On another note, you can also mirror an image in a Powerpoint presentation or a Word document if you need to print the picture to print it with a t-shirt transfer, as that will usually require you to have a mirrored version of the image to make it print correctly. If you have Microsoft Office and can access those other Microsoft Corporation applications then you may find it a little easier to mirror pictures or shapes in Microsoft Word rather than in Microsoft Powerpoint.
What Happens When I Choose Flip Vertical or Flip Horizontal in Powerpoint?
While selecting from the more advanced rotation options or choosing a custom rotation angle in Powerpoint may require a bit more work, Powerpoint lets you create a completely different perspective for your inserted image when you elect to flip that picture.
When you choose the Flip Vertical option your picture will be flipped over a horizontal axis. This means that the top of the picture will be at the bottom, and the bottom of the picture will be at the top.
When you choose the Flip Horizontal option your picture will be flipped over a vertical axis, meaning that the left side of the picture will be on the right, and the right side of the picture will be on the left.
These effects can only be applied from the Rotate menu. If you drag the rotation handle your images or object will only be rotated. There won’t be any flipping.
More Information on How to Flip a Picture in Powerpoint 2013
The options that you can choose from when you click the Rotate drop down menu in the Arrange group include:
- Rotate Right 90 degrees
- Rotate Left 90 degrees
- Flip Vertical
- Flip Horizontal
- More Rotation Options
If you select the “More Rotation Options” item in this list it will open a new Format Picture menu where you can adjust the size of the picture, choose a rotation amount by degree, or adjust the scale height or scale width. You can also choose to lock the aspect ratio so that the picture doesn’t become distorted as you resize it.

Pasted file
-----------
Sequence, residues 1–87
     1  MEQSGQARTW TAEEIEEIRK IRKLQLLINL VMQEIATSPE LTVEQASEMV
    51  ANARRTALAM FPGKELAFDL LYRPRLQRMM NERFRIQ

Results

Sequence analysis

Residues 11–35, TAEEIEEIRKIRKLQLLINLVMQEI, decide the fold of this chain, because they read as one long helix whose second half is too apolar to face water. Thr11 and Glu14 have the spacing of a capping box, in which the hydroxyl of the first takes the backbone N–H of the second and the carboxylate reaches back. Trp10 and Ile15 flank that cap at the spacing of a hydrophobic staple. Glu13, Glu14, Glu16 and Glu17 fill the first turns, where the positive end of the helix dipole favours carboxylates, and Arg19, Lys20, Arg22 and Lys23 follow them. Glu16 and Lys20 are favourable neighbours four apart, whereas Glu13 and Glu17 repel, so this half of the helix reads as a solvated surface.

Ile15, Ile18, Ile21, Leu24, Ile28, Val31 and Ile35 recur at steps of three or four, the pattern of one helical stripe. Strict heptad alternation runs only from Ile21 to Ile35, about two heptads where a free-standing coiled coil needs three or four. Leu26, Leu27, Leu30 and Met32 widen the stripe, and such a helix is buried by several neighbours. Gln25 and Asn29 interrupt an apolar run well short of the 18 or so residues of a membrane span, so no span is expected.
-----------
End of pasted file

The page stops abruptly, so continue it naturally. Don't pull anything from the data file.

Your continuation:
If you’ve been experimenting with the direction, shape, or other options for your image then you may have made too many changes that affect the appearance of the picture. If so, then you can click the Reset button on the Format Picture window to restore the image to its original position and layout.
If you right click on an image in Powertpoint it will open a shortcut menu. Here you can select from various options that let you edit highlighted objects, including ways to format the picture, change its size and position, or adjust its layer in respect to other objects on the slide.
Do you want to add a video to one of your slides, either from a video on your computer or from a Youtube video? Find out how to embed a video in Powerpoint 2013 so that you can play that video when you give your presentation.
Kermit Matthews is a freelance writer based in Philadelphia, Pennsylvania with more than a decade of experience writing technology guides. He has a Bachelor’s and Master’s degree in Computer Science and has spent much of his professional career in IT management.
He specializes in writing content about iPhones, Android devices, Microsoft Office and many other popular applications and devices.